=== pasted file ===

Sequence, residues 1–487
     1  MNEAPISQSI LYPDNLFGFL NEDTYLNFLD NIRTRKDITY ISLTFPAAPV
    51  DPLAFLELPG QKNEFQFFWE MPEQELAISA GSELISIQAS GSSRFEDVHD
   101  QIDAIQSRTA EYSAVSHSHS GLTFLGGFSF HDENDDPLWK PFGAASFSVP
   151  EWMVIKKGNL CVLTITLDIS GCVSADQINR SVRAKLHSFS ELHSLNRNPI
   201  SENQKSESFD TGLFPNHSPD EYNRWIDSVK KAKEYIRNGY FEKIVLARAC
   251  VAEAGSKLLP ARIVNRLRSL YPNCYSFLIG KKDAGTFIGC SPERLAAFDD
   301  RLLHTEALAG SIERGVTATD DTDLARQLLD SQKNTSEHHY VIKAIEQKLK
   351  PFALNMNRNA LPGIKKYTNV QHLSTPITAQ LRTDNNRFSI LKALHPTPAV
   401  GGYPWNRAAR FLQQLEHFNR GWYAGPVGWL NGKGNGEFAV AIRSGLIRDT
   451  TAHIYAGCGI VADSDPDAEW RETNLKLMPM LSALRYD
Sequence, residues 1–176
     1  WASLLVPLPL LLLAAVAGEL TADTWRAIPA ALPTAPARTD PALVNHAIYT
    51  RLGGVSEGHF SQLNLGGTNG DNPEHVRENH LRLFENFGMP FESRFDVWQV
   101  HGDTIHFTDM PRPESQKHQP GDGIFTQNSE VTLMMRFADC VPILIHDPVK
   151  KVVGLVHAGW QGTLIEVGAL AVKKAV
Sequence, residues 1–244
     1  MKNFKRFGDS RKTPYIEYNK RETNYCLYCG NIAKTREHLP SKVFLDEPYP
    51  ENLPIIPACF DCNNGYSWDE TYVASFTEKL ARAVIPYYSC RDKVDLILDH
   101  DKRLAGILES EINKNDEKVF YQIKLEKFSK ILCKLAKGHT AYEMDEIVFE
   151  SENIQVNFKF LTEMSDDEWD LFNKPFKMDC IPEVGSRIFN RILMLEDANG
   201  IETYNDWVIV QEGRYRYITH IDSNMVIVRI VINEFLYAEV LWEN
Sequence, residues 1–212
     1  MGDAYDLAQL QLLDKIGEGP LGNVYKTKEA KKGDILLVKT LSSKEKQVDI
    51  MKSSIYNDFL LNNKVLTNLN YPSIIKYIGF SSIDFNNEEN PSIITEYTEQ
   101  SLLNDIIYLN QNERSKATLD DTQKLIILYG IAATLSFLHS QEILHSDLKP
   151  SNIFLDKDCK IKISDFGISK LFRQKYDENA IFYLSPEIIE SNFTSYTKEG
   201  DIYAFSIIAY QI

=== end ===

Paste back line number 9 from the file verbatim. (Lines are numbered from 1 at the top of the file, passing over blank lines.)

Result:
   351  PFALNMNRNA LPGIKKYTNV QHLSTPITAQ LRTDNNRFSI LKALHPTPAV